The Covenant in Revelation
by Fr. John A. Hardon, S.J.
Part I: Comparison Between the Old Testament and New Testament Covenants
In Hebrew the word for Covenant is Berith. In the Old Testament,
people made covenants which served the purpose of a spoken agreement summarized
by a ritual ceremony that took the place of a written agreement.
A covenant is also a Sacred Agreement into which people entered and it was
sealed by a sacred rite. Social covenants were made quite often in the Old
Testament. The two parts of a covenant were (a) promise; (b) condition.
The four principal covenants between God and His people are:
- The Covenant with Noah.
- The Covenant with Abraham, before the people of Israel- change of name
- The Covenant with Moses (on Mount Sinai) containing Gods promises to
His people and the conditions.
- The Covenant with David. (If the people would be faithful, then they
would be the ones to proclaim the Messianic Kingdom to the world). As the Jewish
people rejected Christ, as a result Paul was chosen.
- The revealed word Covenant in the Greek is Diatheke meaning two
wills. This word is used twenty-five times in the New Testament.
- Christ calls His Blood of the Covenant. His part is His Blood. The
Old Testament Covenant was only a preparation for Christs Covenant and there
would be no other. Christs Blood in the New Testament is the sign that God
has fulfilled His part, as the Blood of the Lamb saved the Israelites from physical
death, so the Blood of Christ saved us from the death of sin.
- The apostles were chosen as the ministers of the New Covenant.
- Unlike the Old Testament Covenant, meticulous in details (over 600 regulations),
the New Testament Covenant is not a covenant of the letter, but of the spirit,
of the heart.
- The Old Testament Covenant was not abrogated, destroyed, but raised
- The two covenants correspond to the two sons of Abraham. In the Old
Testament the stress is on justice (infidelity followed by invasions). The
New Testament does not exclude punishment but the stress is on love (perfect
love casts out fear). We do what God wants from us not out of servile fear,
fear of punishment, but out of filial fear.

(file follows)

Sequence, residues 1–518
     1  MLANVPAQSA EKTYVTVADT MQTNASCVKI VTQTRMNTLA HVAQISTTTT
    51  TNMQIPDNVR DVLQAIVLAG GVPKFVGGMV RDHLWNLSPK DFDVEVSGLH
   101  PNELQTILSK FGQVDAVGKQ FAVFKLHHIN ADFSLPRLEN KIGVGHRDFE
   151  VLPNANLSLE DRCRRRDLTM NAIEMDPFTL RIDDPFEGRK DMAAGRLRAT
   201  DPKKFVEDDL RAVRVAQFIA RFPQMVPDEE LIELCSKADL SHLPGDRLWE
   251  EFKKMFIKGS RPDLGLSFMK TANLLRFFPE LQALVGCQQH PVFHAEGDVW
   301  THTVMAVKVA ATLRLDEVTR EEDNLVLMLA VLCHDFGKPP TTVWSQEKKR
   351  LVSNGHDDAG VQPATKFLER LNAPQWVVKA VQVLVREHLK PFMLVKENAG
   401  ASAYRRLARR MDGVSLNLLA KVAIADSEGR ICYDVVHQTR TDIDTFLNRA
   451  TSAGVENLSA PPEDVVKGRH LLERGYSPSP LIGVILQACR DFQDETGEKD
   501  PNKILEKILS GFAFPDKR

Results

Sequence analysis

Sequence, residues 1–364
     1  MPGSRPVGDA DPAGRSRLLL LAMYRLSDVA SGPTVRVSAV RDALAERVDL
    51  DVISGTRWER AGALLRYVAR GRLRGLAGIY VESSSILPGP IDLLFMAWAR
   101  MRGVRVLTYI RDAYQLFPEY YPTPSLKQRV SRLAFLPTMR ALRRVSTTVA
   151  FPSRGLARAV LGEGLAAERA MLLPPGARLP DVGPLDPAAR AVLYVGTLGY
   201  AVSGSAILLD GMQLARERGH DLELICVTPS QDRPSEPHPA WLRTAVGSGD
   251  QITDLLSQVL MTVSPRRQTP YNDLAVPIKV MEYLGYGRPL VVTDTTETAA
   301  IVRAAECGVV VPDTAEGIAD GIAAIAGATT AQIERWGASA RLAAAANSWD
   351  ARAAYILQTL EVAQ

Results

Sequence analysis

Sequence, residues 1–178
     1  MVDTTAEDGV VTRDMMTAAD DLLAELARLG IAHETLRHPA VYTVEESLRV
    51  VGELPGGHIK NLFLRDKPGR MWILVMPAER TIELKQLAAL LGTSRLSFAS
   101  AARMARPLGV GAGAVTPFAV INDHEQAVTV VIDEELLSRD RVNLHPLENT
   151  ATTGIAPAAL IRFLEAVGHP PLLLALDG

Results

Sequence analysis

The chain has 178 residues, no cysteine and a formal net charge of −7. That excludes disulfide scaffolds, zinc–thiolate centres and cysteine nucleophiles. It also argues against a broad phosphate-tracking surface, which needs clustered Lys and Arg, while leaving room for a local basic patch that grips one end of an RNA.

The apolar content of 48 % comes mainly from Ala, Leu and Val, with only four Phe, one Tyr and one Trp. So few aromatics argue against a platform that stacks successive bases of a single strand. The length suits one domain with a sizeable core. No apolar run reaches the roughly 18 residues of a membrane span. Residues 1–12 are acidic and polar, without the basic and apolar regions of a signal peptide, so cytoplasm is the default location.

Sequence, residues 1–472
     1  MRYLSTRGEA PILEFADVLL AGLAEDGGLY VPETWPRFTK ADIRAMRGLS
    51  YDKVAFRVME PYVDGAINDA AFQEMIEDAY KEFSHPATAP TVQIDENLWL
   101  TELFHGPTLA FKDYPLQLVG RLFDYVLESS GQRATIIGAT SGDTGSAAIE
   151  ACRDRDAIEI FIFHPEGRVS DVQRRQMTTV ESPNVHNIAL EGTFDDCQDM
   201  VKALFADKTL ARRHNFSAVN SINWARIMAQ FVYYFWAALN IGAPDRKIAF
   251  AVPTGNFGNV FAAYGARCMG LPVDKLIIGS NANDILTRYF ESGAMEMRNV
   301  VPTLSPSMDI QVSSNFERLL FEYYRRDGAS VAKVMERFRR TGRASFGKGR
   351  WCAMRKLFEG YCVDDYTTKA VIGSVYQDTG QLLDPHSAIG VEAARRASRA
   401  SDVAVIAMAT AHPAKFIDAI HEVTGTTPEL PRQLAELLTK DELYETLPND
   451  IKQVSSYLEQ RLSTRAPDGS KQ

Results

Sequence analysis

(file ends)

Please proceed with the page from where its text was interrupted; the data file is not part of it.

- The New Testament Covenant is the covenant of the priesthood of Christ,
i.e., of sacrifice. Christs part of the Covenant is sacrifice and so is our
part. At Baptism we enter into Christs priesthood and so we not only attend
the sacrifice of the Mass but we live it.
- Christs sacrifice, in which we participate, exceeds in promise the
Old Testament Covenant. Christs promise to His people is greater.
- Christ is the mediator of the New Testament Covenant in telling us what
God demands and promises and in bringing to God our sacrifices, prayer and petition.
- The word Covenant in the New Testament also means the Last Will
and Testament made at the Last Supper and sealed on Calvary.
Part II: Meaning of New Covenant
- A contract in which the two wills are involved.
- The will of God.
- Our will.
- A sacred contract three times over.
- Because of its important partnerGod Himself made man.
- Because we cannot keep our part without help from God.
- Because its purpose is union with God.
- It is a contract between the God-Man and us. He became man to make
this covenant possible.
- It is a written and signed contract in blood. That is why God became
man, in order to sign it in blood.
- It is a voluntary contract on Gods part (the grace which He gives).
It is voluntary on our part by the response we make.
- It is a contract that requires supernatural light to recognize and supernatural
strength for our will to accomplish. Without Divine help it is impossible to
- The covenant on our side is a commitment.